Native American Pit House
This pit house was discovered during the excavation of the site on which the Presidio Museum now sits…
The garrison at the Presidio San Agustín del Tucson was made up of approximately 60 soldiers, both single and married with families. The Soldier’s Quarters at the Presidio Museum presents both a family dwelling (on the left as you walk in) and a barracks for single soldiers (on the right).
Soldiers with families were provided a private space with rough wood furniture, usually a table for preparing and food and a bed for the parents. Children slept on the dirt floor. The doors were made of cow hide strips. There were often no windows, as they were built in a row along the inside of the presidio walls. Most of the cooking was done outside on the Comal (griddle) and in the Horno (oven). Personal items and extra clothes were kept in a trunk. Chamber pots were used during the night and the contents were most likely thrown over the wall.
Single soldiers lived in a barracks-style dwelling and slept on straw mats, in bed rolls, or on rough-hewn beds. They had small trunks to hold their personal items. They hung their uniforms on hooks on the wall and stored their weapons in the barracks as well.
The mural painted on the south wall of the Presidio Museum reflects what the original presidio would have looked like looking south. You may notice that there are several different types of uniforms worn by the soldiers in this mural. The Catalonia Volunteers (Spanish soldiers from Barcelona) were light infantry soldiers who wore blue coats. The Dragoons of Spain (Spanish calvary) wore red coats and carried a 9-foot lance and adarga shields. The Presidio Troops (local troops from the area) wore blue coats under a long beige cuera – a sleeveless jacket made of seven layers of deerskin to protect them from Native American arrows.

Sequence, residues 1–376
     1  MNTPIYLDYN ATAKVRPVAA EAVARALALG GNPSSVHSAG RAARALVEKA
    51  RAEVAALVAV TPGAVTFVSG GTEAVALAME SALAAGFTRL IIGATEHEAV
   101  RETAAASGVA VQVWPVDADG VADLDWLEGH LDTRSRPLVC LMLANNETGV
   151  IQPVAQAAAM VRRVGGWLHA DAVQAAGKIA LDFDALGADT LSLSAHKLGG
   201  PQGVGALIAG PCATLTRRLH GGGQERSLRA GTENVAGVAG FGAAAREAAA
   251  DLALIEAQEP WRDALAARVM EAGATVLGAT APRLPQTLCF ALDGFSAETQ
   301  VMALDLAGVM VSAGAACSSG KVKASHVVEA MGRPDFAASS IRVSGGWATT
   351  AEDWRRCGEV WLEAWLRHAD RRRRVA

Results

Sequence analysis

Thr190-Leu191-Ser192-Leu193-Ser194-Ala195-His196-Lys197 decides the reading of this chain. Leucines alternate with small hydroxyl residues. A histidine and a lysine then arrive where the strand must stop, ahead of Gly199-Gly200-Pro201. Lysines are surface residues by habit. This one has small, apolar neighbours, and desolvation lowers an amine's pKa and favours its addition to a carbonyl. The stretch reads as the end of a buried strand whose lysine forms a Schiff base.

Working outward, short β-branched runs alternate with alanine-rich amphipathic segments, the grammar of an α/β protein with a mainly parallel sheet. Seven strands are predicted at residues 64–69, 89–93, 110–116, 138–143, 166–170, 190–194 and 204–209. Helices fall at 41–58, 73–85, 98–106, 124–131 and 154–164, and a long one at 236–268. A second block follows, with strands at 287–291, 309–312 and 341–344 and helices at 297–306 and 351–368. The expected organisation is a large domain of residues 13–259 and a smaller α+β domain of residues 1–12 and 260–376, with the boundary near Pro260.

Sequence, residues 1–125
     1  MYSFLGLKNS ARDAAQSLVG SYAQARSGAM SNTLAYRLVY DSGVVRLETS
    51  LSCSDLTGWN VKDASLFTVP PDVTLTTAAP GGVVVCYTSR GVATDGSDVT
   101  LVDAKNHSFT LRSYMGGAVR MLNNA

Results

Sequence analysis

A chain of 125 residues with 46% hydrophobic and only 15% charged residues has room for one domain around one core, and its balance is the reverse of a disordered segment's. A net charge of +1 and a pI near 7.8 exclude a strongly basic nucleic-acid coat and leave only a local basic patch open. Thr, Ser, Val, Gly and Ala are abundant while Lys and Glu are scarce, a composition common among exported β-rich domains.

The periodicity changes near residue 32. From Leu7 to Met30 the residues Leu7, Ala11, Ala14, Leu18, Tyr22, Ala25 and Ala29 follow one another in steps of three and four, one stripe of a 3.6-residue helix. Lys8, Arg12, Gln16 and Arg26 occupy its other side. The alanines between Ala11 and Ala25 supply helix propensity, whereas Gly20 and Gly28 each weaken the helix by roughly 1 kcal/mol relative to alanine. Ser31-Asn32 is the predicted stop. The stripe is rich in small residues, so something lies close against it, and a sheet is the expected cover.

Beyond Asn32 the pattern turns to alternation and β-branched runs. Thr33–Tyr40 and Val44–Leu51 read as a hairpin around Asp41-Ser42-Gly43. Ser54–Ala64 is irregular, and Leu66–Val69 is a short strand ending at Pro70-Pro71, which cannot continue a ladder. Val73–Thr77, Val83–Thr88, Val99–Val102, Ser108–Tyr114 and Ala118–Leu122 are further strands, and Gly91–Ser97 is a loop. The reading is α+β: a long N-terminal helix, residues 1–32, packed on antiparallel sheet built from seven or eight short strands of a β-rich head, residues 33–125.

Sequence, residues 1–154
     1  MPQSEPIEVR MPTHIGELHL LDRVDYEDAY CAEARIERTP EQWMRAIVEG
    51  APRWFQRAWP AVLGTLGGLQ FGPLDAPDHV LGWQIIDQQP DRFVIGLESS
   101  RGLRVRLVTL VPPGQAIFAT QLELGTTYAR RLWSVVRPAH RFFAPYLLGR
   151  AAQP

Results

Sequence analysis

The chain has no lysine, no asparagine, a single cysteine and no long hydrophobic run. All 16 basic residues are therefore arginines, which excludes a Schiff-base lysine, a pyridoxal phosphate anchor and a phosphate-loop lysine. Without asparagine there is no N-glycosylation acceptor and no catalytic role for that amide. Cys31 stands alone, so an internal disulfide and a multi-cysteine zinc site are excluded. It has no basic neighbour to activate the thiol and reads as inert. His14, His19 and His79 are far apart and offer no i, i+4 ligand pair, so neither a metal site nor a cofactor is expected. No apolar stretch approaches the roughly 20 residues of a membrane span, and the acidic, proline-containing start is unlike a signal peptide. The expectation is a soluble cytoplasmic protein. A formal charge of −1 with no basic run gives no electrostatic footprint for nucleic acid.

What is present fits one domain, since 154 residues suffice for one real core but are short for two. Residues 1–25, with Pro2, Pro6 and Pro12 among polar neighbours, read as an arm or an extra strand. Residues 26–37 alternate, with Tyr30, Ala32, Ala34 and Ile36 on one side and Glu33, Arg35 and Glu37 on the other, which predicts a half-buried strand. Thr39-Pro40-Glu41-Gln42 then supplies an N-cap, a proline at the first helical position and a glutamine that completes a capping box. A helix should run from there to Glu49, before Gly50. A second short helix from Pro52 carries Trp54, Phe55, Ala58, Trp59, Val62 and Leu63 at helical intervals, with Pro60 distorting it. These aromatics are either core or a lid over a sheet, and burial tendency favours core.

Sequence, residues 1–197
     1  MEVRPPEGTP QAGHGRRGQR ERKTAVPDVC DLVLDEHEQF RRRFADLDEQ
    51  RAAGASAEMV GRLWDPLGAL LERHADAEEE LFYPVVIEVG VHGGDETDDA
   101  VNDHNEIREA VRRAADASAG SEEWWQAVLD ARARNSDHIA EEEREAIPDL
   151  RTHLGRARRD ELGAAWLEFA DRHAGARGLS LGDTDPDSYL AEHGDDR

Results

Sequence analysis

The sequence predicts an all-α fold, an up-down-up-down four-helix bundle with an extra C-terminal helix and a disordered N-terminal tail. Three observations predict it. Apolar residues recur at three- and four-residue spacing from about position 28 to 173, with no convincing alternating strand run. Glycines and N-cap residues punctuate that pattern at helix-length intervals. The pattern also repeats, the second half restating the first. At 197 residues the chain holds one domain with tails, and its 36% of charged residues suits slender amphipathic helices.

An interesting note about this mural is that several Presidio Museum volunteers were used for the faces of the soldiers included in the mural.
Next to Presidio’s adobe’s wall, you will find the Milpita Garden, a small garden shaded by a mission grape taken from the Baja California mission of San Borja as cuttings. This garden represents the crops of the indigenous peoples of the Santa Cruz Valley and includes the traditional trifecta of corn, beans, and squash. These different plantings are mutually beneficial with the cornstalks providing a structure for the bean vines to cling and grow up from, while the large leaves of the squash provide critical shading to improve moisture retention for all three crops in the desert. The word milpa comes from the Aztec language, Nahuatl, and refers to a cultivated field with the three sisters (corn, beans, and squash) growing system. As Summer agricultural crops, the three different seeds are planted together in the Spring and harvested in the Fall. The “-ita” ending (suffix) to milpa is a diminutive meaning small. These foodstuffs were the backbone of the local Tucsonense cuisine persisting even after Spanish contact and into the present.